Journal Article

Evolutionary diversification and geographical isolation in <i>Dubautia laxa</i> (Asteraceae), a widespread member of the Hawaiian silversword alliance

Mitchell E. McGlaughlin and Elizabeth A. Friar

in Annals of Botany

Published on behalf of The Annals of Botany Company

Volume 107, issue 3, pages 357-370
Published in print March 2011 | ISSN: 0305-7364
Published online December 2010 | e-ISSN: 1095-8290 | DOI: http://dx.doi.org/10.1093/aob/mcq252
Evolutionary diversification and geographical isolation in Dubautia laxa (Asteraceae), a widespread member of the Hawaiian silversword alliance

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  • Ecology and Conservation
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Background and Aims

The Hawaiian silversword alliance (Asteraceae) is one the best examples of a plant adaptive radiation, exhibiting extensive morphological and ecological diversity. No research within this group has addressed the role of geographical isolation, independent of ecological adaptation, in contributing to taxonomic diversity. The aims of this study were to examine genetic differentiation among subspecies of Dubautia laxa (Asteraceae) to determine if allopatric or sympatric populations and subspecies form distinct genetic clusters to understand better the role of geography in diversification within the alliance.

Methods

Dubautia laxa is a widespread member of the Hawaiian silversword alliance, occurring on four of the five major islands of the Hawaiian archipelago, with four subspecies recognized on the basis of morphological, ecological and geographical variation. Nuclear microsatellites and plastid DNA sequence data were examined. Data were analysed using maximum-likelihood and Bayesian phylogenetic methodologies to identify unique evolutionary lineages.

Key Results

Plastid DNA sequence data resolved two highly divergent lineages, recognized as the Laxa and Hirsuta groups, that are more similar to other members of the Hawaiian silversword alliance than they are to each other. The Laxa group is basal to the young island species of Dubautia, whereas the Hirsuta group forms a clade with the old island lineages of Dubautia and with Argyroxiphium. The divergence between the plastid groups is supported by Bayesian microsatellite clustering analyses, but the degree of nuclear differentiation is not as great. Clear genetic differentiation is only observed between allopatric populations, both within and among islands.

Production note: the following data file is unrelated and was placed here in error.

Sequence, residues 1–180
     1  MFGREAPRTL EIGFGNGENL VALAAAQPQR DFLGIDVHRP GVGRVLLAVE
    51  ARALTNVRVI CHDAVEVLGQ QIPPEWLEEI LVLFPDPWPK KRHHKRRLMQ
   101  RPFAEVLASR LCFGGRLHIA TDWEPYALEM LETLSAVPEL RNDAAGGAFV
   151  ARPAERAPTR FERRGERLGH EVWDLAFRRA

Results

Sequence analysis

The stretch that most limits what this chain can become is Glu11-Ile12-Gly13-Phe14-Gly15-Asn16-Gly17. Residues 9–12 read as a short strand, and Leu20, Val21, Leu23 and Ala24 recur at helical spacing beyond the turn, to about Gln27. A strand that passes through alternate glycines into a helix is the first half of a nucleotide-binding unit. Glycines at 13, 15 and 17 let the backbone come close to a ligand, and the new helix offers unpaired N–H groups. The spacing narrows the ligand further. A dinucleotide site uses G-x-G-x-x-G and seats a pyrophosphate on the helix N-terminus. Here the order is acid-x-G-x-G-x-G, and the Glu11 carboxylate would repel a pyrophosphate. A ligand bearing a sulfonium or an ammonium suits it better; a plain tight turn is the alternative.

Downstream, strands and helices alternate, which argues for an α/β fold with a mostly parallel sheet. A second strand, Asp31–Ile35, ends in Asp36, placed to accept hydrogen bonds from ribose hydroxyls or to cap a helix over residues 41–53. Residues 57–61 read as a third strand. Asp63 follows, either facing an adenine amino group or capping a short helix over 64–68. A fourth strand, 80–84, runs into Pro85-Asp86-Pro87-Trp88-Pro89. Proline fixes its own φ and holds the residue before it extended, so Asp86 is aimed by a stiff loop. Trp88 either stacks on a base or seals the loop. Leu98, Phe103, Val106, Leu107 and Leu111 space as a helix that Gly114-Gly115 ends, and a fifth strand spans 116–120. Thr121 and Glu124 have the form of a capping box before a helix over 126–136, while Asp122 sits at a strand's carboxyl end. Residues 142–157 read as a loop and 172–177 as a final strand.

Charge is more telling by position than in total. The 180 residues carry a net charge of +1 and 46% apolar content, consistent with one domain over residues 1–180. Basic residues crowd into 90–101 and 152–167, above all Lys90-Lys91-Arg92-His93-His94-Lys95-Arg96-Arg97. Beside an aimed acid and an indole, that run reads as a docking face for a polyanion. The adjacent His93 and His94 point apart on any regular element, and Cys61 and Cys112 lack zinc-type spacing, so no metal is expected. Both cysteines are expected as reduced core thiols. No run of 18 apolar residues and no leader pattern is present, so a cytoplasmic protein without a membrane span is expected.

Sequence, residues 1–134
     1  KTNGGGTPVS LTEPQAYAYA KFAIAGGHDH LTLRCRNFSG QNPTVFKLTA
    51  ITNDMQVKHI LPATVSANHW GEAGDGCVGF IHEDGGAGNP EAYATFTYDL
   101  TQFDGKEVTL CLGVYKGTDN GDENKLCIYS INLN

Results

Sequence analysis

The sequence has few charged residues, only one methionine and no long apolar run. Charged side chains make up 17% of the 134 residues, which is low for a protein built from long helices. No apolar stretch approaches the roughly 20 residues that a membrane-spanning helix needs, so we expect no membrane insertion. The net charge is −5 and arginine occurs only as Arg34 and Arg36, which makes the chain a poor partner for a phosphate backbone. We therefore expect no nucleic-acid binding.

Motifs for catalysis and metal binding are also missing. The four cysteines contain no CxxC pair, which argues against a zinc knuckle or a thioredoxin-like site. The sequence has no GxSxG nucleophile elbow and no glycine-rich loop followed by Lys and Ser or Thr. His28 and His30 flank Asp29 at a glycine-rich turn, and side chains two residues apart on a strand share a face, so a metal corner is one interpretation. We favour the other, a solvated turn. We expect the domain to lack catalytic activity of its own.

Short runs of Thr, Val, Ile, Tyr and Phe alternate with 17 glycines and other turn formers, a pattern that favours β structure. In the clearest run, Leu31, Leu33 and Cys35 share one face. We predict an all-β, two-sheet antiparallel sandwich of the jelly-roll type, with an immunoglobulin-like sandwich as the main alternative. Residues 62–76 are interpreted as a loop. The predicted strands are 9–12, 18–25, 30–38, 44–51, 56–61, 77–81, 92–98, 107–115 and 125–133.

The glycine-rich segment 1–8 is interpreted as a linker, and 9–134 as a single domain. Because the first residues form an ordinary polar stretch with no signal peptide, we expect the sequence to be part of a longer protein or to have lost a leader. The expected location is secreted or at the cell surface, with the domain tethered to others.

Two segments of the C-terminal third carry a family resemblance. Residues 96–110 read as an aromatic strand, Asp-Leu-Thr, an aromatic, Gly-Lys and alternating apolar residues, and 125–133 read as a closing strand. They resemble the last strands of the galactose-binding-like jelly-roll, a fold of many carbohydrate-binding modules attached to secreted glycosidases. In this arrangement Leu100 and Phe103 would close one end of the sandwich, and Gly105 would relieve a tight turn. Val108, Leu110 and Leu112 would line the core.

Conclusions

These results indicate that geographical separation has aided diversification in D. laxa, whereas ecologically associated morphological differences are not associated with neutral genetic differentiation. This suggests that, despite the stunning ecological adaptation observed, geography has also played an important role in the Hawaiian silversword alliance plant adaptive radiation.

Keywords: Dubautia laxa; Hawaiian silversword alliance; infraspecific divergence; subspecies; speciation; geographical divergence; microsatellites; plastid DNA; chloroplast DNA

Journal Article.  9313 words.  Illustrated.

Subjects: Ecology and Conservation ; Evolutionary Biology ; Plant Sciences and Forestry

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